Patrick Foley '72 (2008)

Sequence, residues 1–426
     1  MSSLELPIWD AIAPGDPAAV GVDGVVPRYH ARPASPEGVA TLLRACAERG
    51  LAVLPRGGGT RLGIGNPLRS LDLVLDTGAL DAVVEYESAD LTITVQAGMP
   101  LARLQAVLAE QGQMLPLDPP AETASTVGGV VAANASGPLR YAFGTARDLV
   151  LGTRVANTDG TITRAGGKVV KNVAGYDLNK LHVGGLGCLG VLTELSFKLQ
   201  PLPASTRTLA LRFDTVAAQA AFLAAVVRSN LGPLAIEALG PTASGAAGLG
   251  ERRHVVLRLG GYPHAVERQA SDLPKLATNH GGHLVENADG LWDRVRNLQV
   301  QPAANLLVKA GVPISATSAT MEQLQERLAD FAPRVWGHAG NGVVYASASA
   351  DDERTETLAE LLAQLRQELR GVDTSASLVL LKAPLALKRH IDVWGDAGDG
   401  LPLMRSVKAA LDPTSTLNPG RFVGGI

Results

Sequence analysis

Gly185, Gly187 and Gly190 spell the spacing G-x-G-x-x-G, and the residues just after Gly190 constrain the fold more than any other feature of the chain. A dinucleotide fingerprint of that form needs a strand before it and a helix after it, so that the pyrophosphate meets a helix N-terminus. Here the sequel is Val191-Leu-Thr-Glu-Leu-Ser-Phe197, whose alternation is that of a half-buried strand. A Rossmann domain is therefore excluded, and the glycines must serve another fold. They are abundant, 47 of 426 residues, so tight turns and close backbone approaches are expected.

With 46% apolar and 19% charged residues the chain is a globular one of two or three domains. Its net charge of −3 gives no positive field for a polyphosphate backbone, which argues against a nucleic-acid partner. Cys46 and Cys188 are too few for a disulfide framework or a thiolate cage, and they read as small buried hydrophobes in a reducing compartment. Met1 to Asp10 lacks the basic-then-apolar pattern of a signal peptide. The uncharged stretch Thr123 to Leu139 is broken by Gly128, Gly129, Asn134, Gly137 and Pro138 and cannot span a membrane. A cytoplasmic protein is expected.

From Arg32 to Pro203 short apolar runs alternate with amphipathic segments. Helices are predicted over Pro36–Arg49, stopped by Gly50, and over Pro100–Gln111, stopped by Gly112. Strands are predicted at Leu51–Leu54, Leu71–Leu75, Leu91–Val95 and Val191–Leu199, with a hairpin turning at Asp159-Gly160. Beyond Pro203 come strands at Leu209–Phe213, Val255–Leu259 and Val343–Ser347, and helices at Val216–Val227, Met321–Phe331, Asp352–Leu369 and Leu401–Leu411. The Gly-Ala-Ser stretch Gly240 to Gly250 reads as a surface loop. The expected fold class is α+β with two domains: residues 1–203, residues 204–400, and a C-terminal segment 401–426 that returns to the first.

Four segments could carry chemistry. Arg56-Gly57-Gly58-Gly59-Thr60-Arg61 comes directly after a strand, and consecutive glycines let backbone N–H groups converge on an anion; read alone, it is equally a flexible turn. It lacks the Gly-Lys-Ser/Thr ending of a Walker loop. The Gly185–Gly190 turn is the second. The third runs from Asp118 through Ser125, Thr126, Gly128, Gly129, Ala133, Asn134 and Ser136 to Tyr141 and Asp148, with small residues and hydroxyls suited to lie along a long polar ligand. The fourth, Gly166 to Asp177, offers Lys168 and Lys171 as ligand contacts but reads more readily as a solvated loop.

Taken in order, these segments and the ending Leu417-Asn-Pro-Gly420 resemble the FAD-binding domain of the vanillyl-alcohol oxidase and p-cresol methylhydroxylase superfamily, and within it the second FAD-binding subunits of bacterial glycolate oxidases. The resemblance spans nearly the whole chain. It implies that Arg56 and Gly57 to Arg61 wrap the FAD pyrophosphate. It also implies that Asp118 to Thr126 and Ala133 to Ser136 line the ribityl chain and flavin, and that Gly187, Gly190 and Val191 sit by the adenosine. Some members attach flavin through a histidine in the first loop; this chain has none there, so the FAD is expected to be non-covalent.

Listening night after night to the call of the inestimable Lloyd Pettit, the legendary voice of the Chicago Blackhawks, Patrick J. Foley could not have quite imagined what lay ahead for him. As a kid growing up in Evanston listening to that magical voice and starting to dream of a life behind a microphone, he could not have imagined that a few decades later he would be widely regarded by the next generation of Blackhawks' fans as the new voice of the franchise and the heir to the Pettit legacy. Upon graduation in 1972 from LoyolaÑwhere he played two years of varsity basketballÑPat headed to Michigan State University to pursue his dream. There, while working toward a degree in telecommunications, he began to hone his craft, cutting his sportscasting teeth covering Spartan football, baseball, and hockey. In his senior year, he served as sports director of the MSU radio station before taking his degree to his first professional broadcasting job at a CBS affiliate in Flint. Pat's big break came during his stint calling games for the Grand Rapids Owls of the International Hockey League. Hearing tapes of Pat's work with the Owls convinced late Blackhawks' vice-president Michael Wirtz that he had his man. On October 19, 1980, the night that Stan Mikita's #21 jersey rose to the rafters as the first Hawk jersey to ever be retired, Pat Foley, at age twenty-six, launched one of the singular careers in Chicago sportscasting history. Armed with a consummate knowledge of the game and a unique ability to deliver the action, intensity, and excitement on the ice, Pat soon became a local icon, his call of the game inextricably linked to the Hawks when they were the hottest ticket in town. The rest is history. For the next twenty-five years, his voice and its contagious enthusiasm became synonymous with Blackhawks' hockey. Now the wheel has come full circle. Today, after a two-year hiatus from the Hawks, Pat, like so many others in the Hawks' family, is coming home once again. Pat earned an Emmy Award for Outstanding Achievement in a Live Sports Program in 1991 and he was inducted into the Chicago Sports Hall of Fame in 2001, joining local legends Jack Brickhouse and Harry Caray.